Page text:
I had this movie come out called AN OMAR BROADWAY FILM. We premiered at Tribeca, HBO had bought it, which as a doc filmmaker, you can’t do any better than that. Then I had this movie that was just on the festival circuit called ALL IN: THE POKER MOVIE. It won an award at this great festival that doesn’t exist anymore called CineVegas, which was run by a lot of the Sundance programmers, Trevor Groth in particular, Michael Plante. And that was about to go on the arthouse circuit, and Showtime had picked up the TV rights, so my producer said, “Just call the people at the Lampoon.” I went, “They’re not gonna know me,” but he went, “Even if they don’t know you, they know what Tribeca is, and they know HBO and Showtime, and that you’re playing down at the Laemmle in two weeks!” So we met with them, and I sort of said, “Here’s my vision for the movie,” and after a lot of lunches, they finally were able to make a deal.

Which was important, because I had this vision that, if we’re going to make the magazine, this idea, which hopefully works, is that we didn’t have archive footage- we had archive footage that had never been seen of the radio show, and the off-Broadway shows, and images of the people that worked there that have never been seen- if it wasn’t that, we weren’t going to do the more basic, talking-heads, where you lay over footage of something that they’re talking about, but you don’t have that footage, so you get something that sorta visualizes it. In our film, when Doug and Henry go to pitch the idea of a national humor magazine in New York, obviously no one has footage of that, so a typical doc would have someone talking about that and you’d go to the NBC news archive or some other history house, and you’d find grainy footage of people walking around Manhattan in the ’70s, and you put that over when they’re talking. I had had this idea from the beginning, “We’re gonna pretend that option doesn’t even exist. Every time you have the instinct or the need to do that, we’re gonna find things from the magazine.” So some cases, like the example I just brought up, it works pretty directly. There’s a great two-page cartoon called, “Afternoon in St. Mark’s Place in the Late 1970s.” We took Doug and Henry, who were cartoons in the magazine, animated them over that, and that becomes the big New York establishing shot, which I think is pretty clear.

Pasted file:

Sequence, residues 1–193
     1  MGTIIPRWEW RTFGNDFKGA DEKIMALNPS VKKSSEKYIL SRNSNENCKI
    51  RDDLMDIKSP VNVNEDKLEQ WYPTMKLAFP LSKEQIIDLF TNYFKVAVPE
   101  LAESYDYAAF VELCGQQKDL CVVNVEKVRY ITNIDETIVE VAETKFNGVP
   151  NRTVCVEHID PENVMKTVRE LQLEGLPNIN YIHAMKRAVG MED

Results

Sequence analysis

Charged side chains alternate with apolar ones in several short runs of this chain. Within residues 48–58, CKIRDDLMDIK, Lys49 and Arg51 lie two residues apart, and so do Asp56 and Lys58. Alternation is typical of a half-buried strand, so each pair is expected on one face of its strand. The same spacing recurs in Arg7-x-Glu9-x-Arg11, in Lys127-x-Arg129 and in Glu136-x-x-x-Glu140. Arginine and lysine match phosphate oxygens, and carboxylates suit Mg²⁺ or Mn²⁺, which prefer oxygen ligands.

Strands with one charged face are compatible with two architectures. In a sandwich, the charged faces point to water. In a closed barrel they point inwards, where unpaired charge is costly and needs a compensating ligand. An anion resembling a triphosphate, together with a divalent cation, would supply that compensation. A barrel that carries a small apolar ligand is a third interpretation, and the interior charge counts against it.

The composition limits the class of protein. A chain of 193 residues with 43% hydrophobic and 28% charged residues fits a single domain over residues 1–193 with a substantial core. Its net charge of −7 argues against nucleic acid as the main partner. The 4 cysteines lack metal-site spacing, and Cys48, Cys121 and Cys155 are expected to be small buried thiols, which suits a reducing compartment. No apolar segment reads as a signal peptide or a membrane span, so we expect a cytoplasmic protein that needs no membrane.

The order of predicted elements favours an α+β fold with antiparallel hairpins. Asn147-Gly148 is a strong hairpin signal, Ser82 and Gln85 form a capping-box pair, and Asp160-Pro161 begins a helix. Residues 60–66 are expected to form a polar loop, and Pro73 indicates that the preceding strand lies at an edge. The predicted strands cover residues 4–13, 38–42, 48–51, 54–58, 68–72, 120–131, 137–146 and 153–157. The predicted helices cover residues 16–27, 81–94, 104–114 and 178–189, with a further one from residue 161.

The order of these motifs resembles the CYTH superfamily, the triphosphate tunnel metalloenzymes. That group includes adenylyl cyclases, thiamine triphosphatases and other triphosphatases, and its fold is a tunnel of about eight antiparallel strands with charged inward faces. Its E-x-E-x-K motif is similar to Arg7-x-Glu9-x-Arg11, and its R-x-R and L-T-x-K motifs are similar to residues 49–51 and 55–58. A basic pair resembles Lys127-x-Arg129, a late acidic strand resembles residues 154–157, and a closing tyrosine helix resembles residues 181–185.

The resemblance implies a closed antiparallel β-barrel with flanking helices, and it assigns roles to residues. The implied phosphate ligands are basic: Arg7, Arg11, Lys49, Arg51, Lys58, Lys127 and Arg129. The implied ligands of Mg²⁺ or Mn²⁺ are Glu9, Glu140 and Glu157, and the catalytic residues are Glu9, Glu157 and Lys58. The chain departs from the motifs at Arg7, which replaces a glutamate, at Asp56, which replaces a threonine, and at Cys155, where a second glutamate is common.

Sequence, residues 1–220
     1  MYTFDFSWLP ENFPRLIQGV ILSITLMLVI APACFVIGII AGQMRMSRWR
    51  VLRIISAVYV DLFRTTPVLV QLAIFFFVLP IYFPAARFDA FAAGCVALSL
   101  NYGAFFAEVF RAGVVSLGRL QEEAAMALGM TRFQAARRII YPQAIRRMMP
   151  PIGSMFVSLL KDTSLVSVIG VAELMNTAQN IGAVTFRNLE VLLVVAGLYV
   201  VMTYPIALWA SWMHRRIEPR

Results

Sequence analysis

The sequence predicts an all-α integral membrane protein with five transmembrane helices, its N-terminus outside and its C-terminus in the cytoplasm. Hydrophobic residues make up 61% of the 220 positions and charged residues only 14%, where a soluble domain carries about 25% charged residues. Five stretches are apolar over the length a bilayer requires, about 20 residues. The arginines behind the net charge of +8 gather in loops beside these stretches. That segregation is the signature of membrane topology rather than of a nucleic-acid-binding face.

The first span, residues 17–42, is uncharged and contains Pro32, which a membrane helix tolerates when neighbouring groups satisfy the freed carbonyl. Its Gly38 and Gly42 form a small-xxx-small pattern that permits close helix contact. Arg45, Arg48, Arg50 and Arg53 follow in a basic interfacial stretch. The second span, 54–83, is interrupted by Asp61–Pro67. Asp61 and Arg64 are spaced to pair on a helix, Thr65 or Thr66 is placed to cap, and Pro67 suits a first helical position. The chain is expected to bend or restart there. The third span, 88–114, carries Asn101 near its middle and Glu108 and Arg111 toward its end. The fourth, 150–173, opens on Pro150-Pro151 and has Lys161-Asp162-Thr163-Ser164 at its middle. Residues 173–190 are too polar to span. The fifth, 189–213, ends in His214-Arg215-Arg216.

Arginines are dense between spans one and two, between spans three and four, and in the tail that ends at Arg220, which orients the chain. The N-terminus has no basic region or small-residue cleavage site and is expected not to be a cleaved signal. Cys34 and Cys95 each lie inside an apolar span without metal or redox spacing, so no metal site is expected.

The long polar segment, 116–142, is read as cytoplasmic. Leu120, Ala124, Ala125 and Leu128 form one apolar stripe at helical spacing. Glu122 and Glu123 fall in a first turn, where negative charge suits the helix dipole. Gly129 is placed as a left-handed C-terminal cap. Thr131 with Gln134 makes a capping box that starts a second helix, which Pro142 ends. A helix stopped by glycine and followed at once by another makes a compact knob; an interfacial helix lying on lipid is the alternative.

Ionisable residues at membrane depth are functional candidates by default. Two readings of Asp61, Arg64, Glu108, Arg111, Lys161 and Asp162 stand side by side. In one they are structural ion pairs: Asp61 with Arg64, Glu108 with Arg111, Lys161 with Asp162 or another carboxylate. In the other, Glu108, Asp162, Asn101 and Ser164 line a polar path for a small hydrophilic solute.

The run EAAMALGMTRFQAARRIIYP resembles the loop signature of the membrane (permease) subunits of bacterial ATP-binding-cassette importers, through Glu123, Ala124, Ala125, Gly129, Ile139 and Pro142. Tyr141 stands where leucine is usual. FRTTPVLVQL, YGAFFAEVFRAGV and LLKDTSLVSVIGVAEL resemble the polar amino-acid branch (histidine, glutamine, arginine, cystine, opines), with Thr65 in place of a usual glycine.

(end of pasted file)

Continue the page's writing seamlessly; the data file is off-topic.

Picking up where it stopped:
Then you have some things that are more asking the audience to dive into the idea, so when you have the scene of Doug Kenney, like we used to say, “Doug having too much fun,” in Los Angeles, where he’s getting the success of ANIMAL HOUSE, doing way too much cocaine, and talking about that ride, I decided to use this piece called, “The Rich, Pretty Person’s Game of Life.” It’s an imaginary board game where you move around the board doing things like going to discos, and calling a friend from a restaurant for cocaine, and feeding your pet room service in a hotel, and having sex on a big bed in a hotel on Sunset Boulevard and doing too much cocaine. There’s like ten references in this. We were like, “This is how we’re gonna tell this.” Again, a more typical documentary would go into a dark room, and shoot baby powder with a filter, and get this hand. The idea was that this would do a couple things: one, it would keep us in the Lampoon era, the ‘70s and ‘80s, because we’re seeing things from the point of view of the art of the time, but it would also allow us, once we finished talking specifically about the magazine, to continue having the images from the magazine in it. You really feel, as I would say, not to overstate it, but you’re in this FANTASIA. You’re just immersed in this world, like when WIZARD OF OZ goes to color, throughout the movie.